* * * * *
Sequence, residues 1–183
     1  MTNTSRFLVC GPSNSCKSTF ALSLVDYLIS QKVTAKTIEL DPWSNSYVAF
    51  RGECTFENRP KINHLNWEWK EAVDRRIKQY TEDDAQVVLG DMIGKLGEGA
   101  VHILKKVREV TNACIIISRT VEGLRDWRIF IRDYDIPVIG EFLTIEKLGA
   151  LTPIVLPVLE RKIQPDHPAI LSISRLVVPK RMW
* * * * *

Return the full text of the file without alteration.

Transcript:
Sequence, residues 1–183
     1  MTNTSRFLVC GPSNSCKSTF ALSLVDYLIS QKVTAKTIEL DPWSNSYVAF
    51  RGECTFENRP KINHLNWEWK EAVDRRIKQY TEDDAQVVLG DMIGKLGEGA
   101  VHILKKVREV TNACIIISRT VEGLRDWRIF IRDYDIPVIG EFLTIEKLGA
   151  LTPIVLPVLE RKIQPDHPAI LSISRLVVPK RMW